THE SUN AND YOUR SKIN
FROM TANS TO CANCER, THE SUN'S RAYS AFFECT THE SKIN IN MANY WAYS
A little sunlight is good for you. Your body uses it to make vitamin D, which keeps bones strong. But it doesn't take long for the sun's ultraviolet (UV) rays to start causing damage. That damage can lead to premature wrinkles, age spots and even skin cancer.
A tan is the body's attempt to protect itself from sun damage. When the sun's UV rays beat down on your face, your skin tries to protect itself by kicking production of a pigment called melanin into high gear. The added melanin provides a sun protection factor (SPF) of about 2 to 4—far below the minimum 30 SPF that the American Cancer Society recommends you wear for sun protection.
It's the added melanin that causes your skin to darken—and that tan signals that you were out in the sun too long.
Tanning appears to greatly increase your risk for skin cancer.
A high dose of UV rays does major damage to your skin cells and causes a sunburn. Your immune system responds to the attack by increasing blood flow to the affected area—causing the redness and heat of a sunburn—and by sending out white blood cells to remove damaged skin cells. This process causes your sunburned skin to itch and peel.
Because melanin offers some protection against UV rays, people who don't have much of the pigment burn more easily. Sunscreen is especially important for them.
It can take between 6 and 48 hours for the full effects of a sunburn to be visible.
Over time, the damage caused by UV rays and sunburns can start having other visible effects. One of those is age spots. These spots, which appear as small areas of pigmentation on the hands, arms, face and back, don't have anything to do with age. They're caused by spending too much time in the sun.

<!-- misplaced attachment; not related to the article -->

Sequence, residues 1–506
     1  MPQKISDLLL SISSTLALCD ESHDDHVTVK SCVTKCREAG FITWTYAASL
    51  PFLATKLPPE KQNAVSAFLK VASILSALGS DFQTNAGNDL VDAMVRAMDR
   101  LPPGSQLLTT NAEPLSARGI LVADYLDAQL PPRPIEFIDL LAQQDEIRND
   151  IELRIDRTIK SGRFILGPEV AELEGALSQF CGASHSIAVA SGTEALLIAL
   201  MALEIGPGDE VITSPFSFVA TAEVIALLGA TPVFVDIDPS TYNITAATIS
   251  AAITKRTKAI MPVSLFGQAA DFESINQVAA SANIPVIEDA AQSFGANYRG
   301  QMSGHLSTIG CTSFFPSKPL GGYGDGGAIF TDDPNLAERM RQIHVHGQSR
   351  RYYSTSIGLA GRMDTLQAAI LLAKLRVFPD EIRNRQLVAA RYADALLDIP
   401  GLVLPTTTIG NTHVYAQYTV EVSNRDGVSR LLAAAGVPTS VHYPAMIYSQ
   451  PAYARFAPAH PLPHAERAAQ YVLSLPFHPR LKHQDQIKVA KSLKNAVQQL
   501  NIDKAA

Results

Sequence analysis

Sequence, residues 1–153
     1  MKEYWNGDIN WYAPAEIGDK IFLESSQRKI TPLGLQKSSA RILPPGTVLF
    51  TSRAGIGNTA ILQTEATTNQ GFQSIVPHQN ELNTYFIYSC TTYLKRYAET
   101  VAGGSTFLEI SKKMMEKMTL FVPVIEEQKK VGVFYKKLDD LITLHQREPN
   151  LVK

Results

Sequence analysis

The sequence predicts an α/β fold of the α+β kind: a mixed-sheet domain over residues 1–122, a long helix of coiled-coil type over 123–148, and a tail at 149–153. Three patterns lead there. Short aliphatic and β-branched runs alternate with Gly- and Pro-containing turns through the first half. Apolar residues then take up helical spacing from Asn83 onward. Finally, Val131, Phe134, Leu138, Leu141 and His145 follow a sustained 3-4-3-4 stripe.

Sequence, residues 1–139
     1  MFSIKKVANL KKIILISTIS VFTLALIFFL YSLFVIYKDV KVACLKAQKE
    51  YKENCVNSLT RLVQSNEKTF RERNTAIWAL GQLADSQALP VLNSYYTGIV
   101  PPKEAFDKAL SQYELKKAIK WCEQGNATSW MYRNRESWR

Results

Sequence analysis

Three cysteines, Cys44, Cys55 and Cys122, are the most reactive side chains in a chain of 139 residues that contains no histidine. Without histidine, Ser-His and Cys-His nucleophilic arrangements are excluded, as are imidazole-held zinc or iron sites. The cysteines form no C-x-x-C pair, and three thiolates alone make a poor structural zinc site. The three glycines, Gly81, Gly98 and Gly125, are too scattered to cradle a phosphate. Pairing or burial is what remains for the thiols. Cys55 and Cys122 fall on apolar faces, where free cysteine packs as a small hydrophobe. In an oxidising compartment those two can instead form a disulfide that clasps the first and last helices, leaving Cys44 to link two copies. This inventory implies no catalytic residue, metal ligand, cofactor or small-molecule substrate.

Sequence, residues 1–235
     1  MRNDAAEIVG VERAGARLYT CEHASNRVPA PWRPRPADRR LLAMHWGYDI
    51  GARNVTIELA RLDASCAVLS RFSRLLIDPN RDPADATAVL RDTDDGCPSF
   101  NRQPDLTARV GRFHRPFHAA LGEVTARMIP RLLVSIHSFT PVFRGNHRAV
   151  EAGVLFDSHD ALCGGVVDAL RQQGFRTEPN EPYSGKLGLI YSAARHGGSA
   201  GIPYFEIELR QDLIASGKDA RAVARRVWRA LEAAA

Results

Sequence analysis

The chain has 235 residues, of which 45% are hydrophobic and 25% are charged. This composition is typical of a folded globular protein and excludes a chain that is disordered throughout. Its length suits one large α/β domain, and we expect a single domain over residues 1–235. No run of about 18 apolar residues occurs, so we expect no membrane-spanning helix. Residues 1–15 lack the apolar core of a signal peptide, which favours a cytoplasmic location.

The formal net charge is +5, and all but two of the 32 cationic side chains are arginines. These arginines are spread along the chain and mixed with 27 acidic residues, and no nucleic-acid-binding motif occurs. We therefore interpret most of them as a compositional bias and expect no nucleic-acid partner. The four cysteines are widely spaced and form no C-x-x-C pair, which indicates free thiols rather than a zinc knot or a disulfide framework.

Everyone's skin ages and loses its youthful look over time. But exposure to UV rays speeds that process up, damaging collagen and elastin fibers and causing skin to develop premature wrinkles and loosened folds.
Frequent sunburns or hours spent tanning can also cause the skin to permanently darken and develop a leathery texture.
While you're soaking up the sun, UV rays may be damaging the DNA in your skin cells. The damaged DNA can make cells grow out of control and form tumors, which may be cancerous.
Exposure to UV rays may also weaken your immune system, making it less able to defend the body against aggressive cancer cells.
BE SAFE IN THE SUN
Now that you've learned how damaging the sun can be, do you want to learn how to protect yourself? BE SUN SMART
Sources: American Academy of Dermatology; American Cancer Society; National Institutes of Health; Skin Cancer Foundation; U.S. Food and Drug Administration; World Health Organization